Responding to a Salon article by Democratic Strategist Ed Kilgore on the Republicans’ “2012 problem,” RS McCain offers up a mixture of snark and political prognostication. The snark is arguably well-deserved, and McCain delivers it with relish. He doesn’t, however, seem to have taken as much interest in his own political speculation:
Is BHO not already the most protested POTUS ever? Should he not hold that dubious honor, he shall by 2012.
McCain’s heart may be in the right place, at least if you share his estimations of the Tea Party Movement and of Barack Hussein Obama, but “most protested POTUS ever” strikes me as a reality-free historical observation (Lyndon Baines Johnson and Richard Milhous Nixon, a.o., are rolling over in their graves). It’s not really up to the relatively low standard set by Kilgore when, in downgrading Mike Pence’s presidential prospects, he reaches for his political almanac and points out that no sitting House member has won a presidential nomination since 1896.
You don’t have to be the sponsor of the Pence12 Facebook page to recognize how utterly irrelevant such factoids are to whatever is really going to answer run/not-run and win/not-win for a prospective candidate, but merely declaring that Kilgore is flacking for the Dems doesn’t make McCain’s own conclusions any less self-servingly wishful:
Counter-analysis: the 2010 election buys We The People a chance, but only a chance, to set the country on a course for recovery. The Tea Parties et al. continue their pressure and whoever wins in 2012 comes in with a mandate to begin the process of unwinding a century of debt, centralization, and diminished liberty. And the efforts of the Founding Fathers shall not have been in vain.
From McCain’s blog to God’s monitor, we might say, but this isn’t really an “analysis.” It’s a hopeful projection. Compare it to Kilgore’s final paragraph, dubbed by McCain a “watered down Muhammed Saeed al-Sahaf outing”:
So let Republicans enjoy their 2010 comeback. It was all but foreordained by the last two cycles, and by the very demographics that threaten the GOP in the long run. Allow them to celebrate their “fresh faces”; they’ll have a lot of fine options for the vice-presidential nomination in 2012. But their 2012 prospects will go straight downhill starting on Nov. 3, 2010. That’s when Republicans will have to start to deal with the consequences of their recent bout of self-indulgent destructiveness, when they’ll begin choosing someone to take on Barack Obama not in press conferences or talking points or Tea Party protests, but in a presidential election.
Kilgore is summarizing here: “self-indulgent destructiveness” refers to his argument that Republicans have “brand[-ed] themselves as the party of angry old white people” in a way that may maximize advantages in 2010, but hurt them in 2012 and beyond, when the electorate will tilt more to the Democrats’ favor, whether under an incumbent Barack Obama or, going forward, as demographic factors shift.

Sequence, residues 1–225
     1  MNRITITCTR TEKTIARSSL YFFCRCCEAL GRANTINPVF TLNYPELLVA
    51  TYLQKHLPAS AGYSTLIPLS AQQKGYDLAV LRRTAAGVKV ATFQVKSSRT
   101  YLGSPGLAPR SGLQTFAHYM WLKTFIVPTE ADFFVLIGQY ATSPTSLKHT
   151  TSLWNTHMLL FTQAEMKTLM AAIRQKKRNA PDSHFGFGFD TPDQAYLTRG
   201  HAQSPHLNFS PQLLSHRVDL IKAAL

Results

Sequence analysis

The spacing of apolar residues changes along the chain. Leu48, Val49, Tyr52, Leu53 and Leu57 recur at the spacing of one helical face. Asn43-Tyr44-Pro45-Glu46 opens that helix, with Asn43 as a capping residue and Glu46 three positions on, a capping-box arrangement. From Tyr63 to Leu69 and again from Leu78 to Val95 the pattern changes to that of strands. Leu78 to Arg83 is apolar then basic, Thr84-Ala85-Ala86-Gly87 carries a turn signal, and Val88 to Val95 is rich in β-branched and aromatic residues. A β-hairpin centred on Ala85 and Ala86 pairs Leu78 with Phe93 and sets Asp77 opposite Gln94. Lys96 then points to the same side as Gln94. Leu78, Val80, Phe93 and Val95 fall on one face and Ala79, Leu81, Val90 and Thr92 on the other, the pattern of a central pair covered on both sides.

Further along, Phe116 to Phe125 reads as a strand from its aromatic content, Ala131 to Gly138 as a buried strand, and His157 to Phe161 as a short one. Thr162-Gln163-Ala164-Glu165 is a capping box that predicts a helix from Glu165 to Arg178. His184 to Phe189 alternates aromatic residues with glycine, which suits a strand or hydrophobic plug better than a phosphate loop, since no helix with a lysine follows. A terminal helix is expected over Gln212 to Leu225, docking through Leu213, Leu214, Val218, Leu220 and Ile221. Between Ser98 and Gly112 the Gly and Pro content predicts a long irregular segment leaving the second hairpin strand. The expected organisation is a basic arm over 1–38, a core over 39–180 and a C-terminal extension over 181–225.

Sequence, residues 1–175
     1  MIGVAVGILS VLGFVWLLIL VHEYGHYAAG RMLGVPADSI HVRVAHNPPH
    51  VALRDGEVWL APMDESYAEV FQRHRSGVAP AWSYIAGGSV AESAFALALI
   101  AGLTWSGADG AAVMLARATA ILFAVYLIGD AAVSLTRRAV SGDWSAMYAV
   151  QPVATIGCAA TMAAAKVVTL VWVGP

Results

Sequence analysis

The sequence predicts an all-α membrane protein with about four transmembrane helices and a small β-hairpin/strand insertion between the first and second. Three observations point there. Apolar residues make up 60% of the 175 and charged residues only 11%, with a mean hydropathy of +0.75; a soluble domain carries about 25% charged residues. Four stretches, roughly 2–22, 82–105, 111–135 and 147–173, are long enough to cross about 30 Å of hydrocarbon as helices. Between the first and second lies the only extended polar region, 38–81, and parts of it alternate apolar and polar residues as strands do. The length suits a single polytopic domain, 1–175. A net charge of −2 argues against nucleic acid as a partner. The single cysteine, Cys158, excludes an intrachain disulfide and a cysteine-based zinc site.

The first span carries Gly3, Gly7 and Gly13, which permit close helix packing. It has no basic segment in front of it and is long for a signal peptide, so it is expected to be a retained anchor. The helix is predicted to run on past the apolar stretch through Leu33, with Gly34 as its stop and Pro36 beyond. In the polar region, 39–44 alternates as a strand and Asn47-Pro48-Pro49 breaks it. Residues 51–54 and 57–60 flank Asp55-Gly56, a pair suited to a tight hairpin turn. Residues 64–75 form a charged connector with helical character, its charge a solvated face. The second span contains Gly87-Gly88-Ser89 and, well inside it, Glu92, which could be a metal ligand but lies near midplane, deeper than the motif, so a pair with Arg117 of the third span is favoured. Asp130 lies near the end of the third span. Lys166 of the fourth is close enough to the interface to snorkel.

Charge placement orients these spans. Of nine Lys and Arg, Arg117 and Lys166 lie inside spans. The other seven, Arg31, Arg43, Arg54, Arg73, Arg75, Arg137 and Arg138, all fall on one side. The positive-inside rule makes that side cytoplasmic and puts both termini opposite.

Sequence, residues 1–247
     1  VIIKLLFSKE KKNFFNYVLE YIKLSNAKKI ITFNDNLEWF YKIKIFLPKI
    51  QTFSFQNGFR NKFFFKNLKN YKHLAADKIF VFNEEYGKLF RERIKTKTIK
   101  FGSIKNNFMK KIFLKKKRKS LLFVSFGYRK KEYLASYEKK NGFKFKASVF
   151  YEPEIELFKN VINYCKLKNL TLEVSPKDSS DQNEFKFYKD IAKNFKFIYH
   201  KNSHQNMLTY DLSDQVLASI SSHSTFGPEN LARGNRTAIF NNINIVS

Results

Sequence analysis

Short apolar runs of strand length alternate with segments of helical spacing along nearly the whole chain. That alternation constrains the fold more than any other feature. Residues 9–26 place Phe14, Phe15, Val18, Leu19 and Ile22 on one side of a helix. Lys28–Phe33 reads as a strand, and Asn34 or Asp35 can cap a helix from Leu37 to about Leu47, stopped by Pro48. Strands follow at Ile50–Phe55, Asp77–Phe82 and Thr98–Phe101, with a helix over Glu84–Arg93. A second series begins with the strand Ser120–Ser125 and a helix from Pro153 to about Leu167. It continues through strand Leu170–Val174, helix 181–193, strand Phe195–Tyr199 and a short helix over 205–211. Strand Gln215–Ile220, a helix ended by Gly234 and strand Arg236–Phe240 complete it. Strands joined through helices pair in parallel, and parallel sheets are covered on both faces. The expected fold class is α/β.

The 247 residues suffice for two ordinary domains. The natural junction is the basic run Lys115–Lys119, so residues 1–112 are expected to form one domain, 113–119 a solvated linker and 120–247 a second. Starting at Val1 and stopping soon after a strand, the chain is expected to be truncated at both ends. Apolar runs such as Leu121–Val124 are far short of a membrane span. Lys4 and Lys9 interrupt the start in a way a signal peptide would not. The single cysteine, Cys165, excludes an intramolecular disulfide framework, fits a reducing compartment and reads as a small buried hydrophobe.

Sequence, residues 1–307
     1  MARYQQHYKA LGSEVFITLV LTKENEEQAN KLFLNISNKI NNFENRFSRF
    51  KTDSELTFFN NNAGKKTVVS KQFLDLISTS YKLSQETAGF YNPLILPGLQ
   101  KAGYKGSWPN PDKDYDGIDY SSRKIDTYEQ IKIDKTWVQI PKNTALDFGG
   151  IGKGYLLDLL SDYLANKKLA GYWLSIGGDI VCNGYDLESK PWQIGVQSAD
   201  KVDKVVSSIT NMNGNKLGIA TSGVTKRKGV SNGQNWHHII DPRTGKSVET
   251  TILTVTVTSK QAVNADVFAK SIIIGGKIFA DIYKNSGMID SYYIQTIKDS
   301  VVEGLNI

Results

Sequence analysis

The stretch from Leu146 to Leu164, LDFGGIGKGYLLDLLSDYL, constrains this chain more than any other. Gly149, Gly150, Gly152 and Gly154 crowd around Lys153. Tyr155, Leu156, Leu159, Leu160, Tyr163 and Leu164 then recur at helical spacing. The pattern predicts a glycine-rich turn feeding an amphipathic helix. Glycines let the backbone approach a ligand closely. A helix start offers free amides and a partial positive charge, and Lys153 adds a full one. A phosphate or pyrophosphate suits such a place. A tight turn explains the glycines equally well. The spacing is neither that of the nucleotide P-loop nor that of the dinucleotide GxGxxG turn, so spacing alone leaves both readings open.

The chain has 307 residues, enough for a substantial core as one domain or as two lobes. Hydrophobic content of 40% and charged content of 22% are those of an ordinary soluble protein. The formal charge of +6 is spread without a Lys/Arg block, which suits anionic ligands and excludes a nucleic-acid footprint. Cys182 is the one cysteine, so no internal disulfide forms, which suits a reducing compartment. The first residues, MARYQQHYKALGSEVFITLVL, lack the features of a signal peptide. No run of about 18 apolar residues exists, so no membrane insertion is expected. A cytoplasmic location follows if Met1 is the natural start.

It’s possible, perhaps likely, that both McCain and Kilgore are doing a little whistling past their own partisan graveyards here, but, even if you share McCain’s faith in continued “pressure” from the Tea Party and a quasi-apocalyptic awakening to the supreme self-evident truths of constitutional conservatism, Kilgore’s argument stands. It goes without saying that a perceived abject failure of the Obama Administration, and the aftereffects of any of several potential game-changers between now and November 2012, might make a hash of all conventional political calculations. Yet 2012 was always likely to be a more difficult climb than 2010, and we should also understand that what Republican conservatives promise or promote with effect this Fall may serve them a lot less well, or even weigh them down, when Obama is on the ballot again against a real opponent with his or her own campaign to run. If we reach for our own political almanacs, we can determine from polling history that even Jimmy Carter looked pretty good until Ronald Reagan finally closed the deal against him during 1980 campaign’s final days. We don’t know yet that BHO = JEC. As for the Republicans, if you can confidently declare one of the known suspects for a 2012 run to be another RWR, you may be a candidate – for de-programming (assuming you’re not receiving a check).
This isn’t the place to attempt a full-fledged comparison of 1980 to some imaginary 2012, or even to dial back to 1978 for a mid-term comparison, or to 1994/96 for an alternative set of potential parallels. It’s even less the place to wonder whether we don’t focus too much on the presidency, too little on how policy is really effectuated in the U.S.A. And unless we’re pushing a partisan or factional agenda, we have to begin and end by admitting that we don’t know what the future holds, and which rough beasts slouching toward Bethlehem might draw the nation closer to the President and the stationary state he and his allies are preparing for us – an effort that Ross Douthat recently characterized as aiming “to get everybody inside the barrel before it goes over the falls.”
We might just as well look back to that election of 1896 that I was just dismissing up above: That “last sitting congressman” nominee was William Jennings Bryan, who lost in 1896 and again in 1900 and 1908, but went on to become one of the most important and influential figures of that age in whose shadow McCain sees us still to be standing. A conservatism that aims to change the course of history, to “begin the process of unwinding a century of debt, centralization, and diminished liberty,” could do a lot worse than lose with a new Bryan, but it may not even achieve a fruitful defeat if it stands still, expecting the assumptions of a convinced minority to carry the day simply for having been asserted, and without regard for what and whom those assumptions seem to exclude.